Words of advice from the world's greatest investor.
As I write these words, London's flagship FTSE 100 index is a number beginning with a "4" -- and not a "5" or a "6". Given that the market was above 6,000 a month ago, that's scary stuff.
And, of course, other markets around the world have experienced similar -- if not even greater -- falls in value.
Yet one man, I guarantee you, will be rubbing his hands in glee, or greed, or both. That's right: Warren Buffett, the Sage of Omaha.
Most readers will be familiar with Buffett's well-known "be greedy when others are fearful" quote. It's famous, and rightly so. Even if he was just echoing the words of an earlier investing genius, Sir John Templeton, who said "the time of maximum pessimism is the best time to buy".
But there's another, lesser-known Buffett quote that I always think sums up the situation even better.
Somewhere in the dusty recesses of my office is a copy of Fortune magazine from December 2001 ‑‑ archived in an era when it wasn't so easy to just go on‑line to re‑read fascinating articles.
The article in question was by Warren Buffett, co‑authored with Buffett's long‑time friend, the redoubtable Carol Loomis, a financial journalist who is still writing for the magazine, despite ‑‑ like Buffett ‑‑ now being in her 80s.
And in it, Buffett neatly sums up his approach to the opportunities thrown up by periods of market turmoil.
"When hamburgers go down in price, we sing the Hallelujah Chorus in the Buffett household. When hamburgers go up, we weep. For most people, it's the same way with everything in life they will be buying ‑‑ except stocks. When stocks go down and you can get more for your money, people don't like them anymore."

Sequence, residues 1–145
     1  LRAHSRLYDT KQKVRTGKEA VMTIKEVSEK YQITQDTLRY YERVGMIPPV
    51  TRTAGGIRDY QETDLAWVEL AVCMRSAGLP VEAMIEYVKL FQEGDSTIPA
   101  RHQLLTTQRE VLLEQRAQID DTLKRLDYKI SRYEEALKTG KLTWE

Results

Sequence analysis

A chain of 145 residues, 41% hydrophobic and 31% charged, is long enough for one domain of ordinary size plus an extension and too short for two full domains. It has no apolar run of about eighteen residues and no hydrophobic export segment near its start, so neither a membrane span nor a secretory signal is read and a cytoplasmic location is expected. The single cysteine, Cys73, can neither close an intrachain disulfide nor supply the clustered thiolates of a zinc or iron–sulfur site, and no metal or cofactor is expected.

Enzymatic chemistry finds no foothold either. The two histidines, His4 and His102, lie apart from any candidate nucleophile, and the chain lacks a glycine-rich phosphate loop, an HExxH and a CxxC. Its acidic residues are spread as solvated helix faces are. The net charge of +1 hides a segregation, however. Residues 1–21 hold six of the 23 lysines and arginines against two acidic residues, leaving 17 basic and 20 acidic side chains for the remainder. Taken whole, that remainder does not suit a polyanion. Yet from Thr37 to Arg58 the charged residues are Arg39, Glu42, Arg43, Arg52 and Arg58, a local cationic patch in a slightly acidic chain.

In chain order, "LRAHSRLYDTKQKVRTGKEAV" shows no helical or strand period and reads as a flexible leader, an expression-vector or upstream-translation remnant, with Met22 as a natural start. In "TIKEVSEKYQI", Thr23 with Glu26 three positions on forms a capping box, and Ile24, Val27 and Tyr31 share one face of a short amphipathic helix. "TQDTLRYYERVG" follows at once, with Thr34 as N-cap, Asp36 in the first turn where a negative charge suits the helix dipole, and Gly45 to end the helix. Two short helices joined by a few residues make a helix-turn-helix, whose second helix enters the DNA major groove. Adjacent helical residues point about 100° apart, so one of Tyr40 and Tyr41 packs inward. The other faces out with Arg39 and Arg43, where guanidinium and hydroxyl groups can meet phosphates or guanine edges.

And unquestionably, the stock market's hamburgers have just gone down in price. AstraZeneca (LSE: AZN), Aviva (LSE: AV), Rolls-Royce (LSE: RR), BT (LSE: BT-A), BAE Systems (LSE: BA), BP (LSE: BP) -- as I wrote last week, Britain's blue chips have gone on sale.
What's Buffett buying right now? I've no idea, and won't have until Berkshire Hathaway's next quarterly filing.
But what we do know is that he did very nicely last time around.
There's a nine‑figure profit coming his way in October, for instance, when a $3bn loan to America's General Electric matures -- a loan taken out by the industrial powerhouse when it was caught short in the credit crunch, and Buffett's Berkshire Hathaway was one of the few businesses that would lend to it.
Another high-profile loan was to Goldman Sachs. According to the latest quarterly filing, his $5bn loan to Goldman has so far earned him $806m. That's almost £500 million. Not bad when you can lend to bankers, is it? Especially when it's at eye-watering interest rates.
And, of course, he made some canny share purchases, too, taking the opportunities thrown up in 2008 and 2009 to buy stakes in high-yield dividend-paying businesses such as Dow Chemical and Wrigley.
A friend of mine has just been on the phone. "The market is down again," he worried. "What are you doing?"
I'm buying, I told him. And I'm darned sure I'm in good company. And in the weeks to come, we'll find out just what Buffett has been buying.
But in the meantime, what are you buying? Answers in the box below, please!
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> Malcolm owns shares in BT, BP, AstraZeneca, Aviva, Rolls-Royce and BAE Systems. The Motley Fool owns AstraZeneca and BAE.